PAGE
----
+
== Creating taxonomy category sub-levels ==
* Avoid an overly-complex taxonomy design, as it becomes counter-productive from an organization and maintenance perspective
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* Avoid an overly-complex taxonomy design, as it becomes counter-productive from an organization and maintenance perspective.
* Start with two to three sub-category levels, gather feedback from business team, and use it to iterate the design
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* Start with two to three sub-category levels, gather feedback from business team, and then use it to iterate the design.
  
 
== Naming categories ==
 
== Naming categories ==
* Use short, concise category descriptions: e.g. Methods & Procedures, Customer Service, Sales – Inbound, Sales – Outbound, Q & A, How-to’s, Training
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* Use short, concise category descriptions: for example, Methods & Procedures, Customer Service, Sales – Inbound, Sales – Outbound, Q & A, How-To, and Training
 
* Do not use sentences
 
* Do not use sentences
* Be consistent with either “Title Case” or “Sentence case”, do not mix
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* Be consistent with either “Title Case” or “Sentence case" - do not mix
  
 
== Using category images ==
 
== Using category images ==
* Category ‘icons’ (50x50 pixel images) can be set for each category and are used in the Tiles layout display in KM Help Sites as a visual indicator for the categories. Display of the icons are a configurable option in the Help Site editor
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* Category ‘icons’ (50x50 pixel images) can be set for each category and are used in the Tiles layout display in KM Help Sites as a visual indicator for the categories. Display of the icons are a configurable option in the Help Site editor.
  
== Setting content visibility/security ==
+
== Setting content visibility and security ==
* When certain articles should only be available or visible to specific groups of end users, you can set content visibility restrictions at the taxonomy category level by specifying a related Access Role on the related category.  All articles linked to that category and any related sub-categories will require users to have that Access Role in order to view those articles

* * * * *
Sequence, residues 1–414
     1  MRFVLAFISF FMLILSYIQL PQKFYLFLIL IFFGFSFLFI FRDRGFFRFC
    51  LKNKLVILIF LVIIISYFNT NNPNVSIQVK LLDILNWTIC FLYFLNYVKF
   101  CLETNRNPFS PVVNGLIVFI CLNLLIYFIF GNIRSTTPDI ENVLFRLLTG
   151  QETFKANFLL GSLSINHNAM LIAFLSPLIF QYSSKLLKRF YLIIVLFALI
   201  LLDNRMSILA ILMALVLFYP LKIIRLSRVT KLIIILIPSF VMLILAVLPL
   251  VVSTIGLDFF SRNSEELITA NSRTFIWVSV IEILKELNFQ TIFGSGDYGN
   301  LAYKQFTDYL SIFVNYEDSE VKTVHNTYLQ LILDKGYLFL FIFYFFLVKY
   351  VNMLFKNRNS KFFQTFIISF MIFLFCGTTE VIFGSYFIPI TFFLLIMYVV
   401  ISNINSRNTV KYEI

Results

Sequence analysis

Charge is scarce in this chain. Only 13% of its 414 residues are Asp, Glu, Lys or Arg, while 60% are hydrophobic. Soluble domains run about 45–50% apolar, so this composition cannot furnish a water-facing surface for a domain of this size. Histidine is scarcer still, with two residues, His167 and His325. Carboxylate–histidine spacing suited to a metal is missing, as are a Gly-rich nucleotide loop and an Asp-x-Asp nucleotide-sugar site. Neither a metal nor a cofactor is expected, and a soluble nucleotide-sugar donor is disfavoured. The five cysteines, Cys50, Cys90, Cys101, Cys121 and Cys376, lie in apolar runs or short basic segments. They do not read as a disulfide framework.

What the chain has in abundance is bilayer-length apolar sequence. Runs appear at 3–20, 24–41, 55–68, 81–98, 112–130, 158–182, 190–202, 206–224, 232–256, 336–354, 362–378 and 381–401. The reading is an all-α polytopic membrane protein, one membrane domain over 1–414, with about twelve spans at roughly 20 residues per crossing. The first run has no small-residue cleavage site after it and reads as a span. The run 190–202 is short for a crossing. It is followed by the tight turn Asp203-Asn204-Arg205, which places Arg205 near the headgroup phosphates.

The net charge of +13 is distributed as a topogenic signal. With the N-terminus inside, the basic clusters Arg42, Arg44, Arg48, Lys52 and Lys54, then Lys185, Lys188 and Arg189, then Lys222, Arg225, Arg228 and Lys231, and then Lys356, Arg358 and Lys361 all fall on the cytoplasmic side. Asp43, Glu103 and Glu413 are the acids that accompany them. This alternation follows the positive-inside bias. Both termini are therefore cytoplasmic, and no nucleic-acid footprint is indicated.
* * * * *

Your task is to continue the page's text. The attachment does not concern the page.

+
* When specific articles should be available or visible only to specific groups of end users, you can set content visibility restrictions at the taxonomy category level by specifying a related Access Role on the related category.  All articles linked to that category and any related sub-categories will require users to have that Access Role in order to view those articles.
  
* For example, a category may be created for manager-only articles, such as topics private topics around personnel reviews and procedures. - See '''Screenshot #2'''
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* For example, you can create a category for manager-only articles that contain topics related to personnel reviews and procedures. - See '''Setting content visibility''' example'''.'''
'''Screenshot #1'''
 
  
[[File:TaxonomyExample.jpg|border|807x807px]]
 
  
'''Screenshot #2'''
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'''Example: Setting content visibility'''
  
 
[[File:EditCategory.jpg|border|877x877px]]
 
[[File:EditCategory.jpg|border|877x877px]]

Latest revision as of 07:46, 7 March 2022

Best practices for building a taxonomy for Pega Knowledge

Description Learn best practices for building taxonomies for Pega Knowledge
Version as of 8.4
Application Pega Customer Service
Capability/Industry Area Knowledge Management



Summary[edit]

Building out a taxonomy for Pega Knowledge is best done collaboratively, leveraging the expertise of the business or contact center, and your Knowledge team members. The Pega Knowledge taxonomy provides flexibility in how it is created and maintained, supporting a hierarchical structure with top level and child or sub-level categories. This article describes best practices for defining a taxonomy that best aligns with your business needs.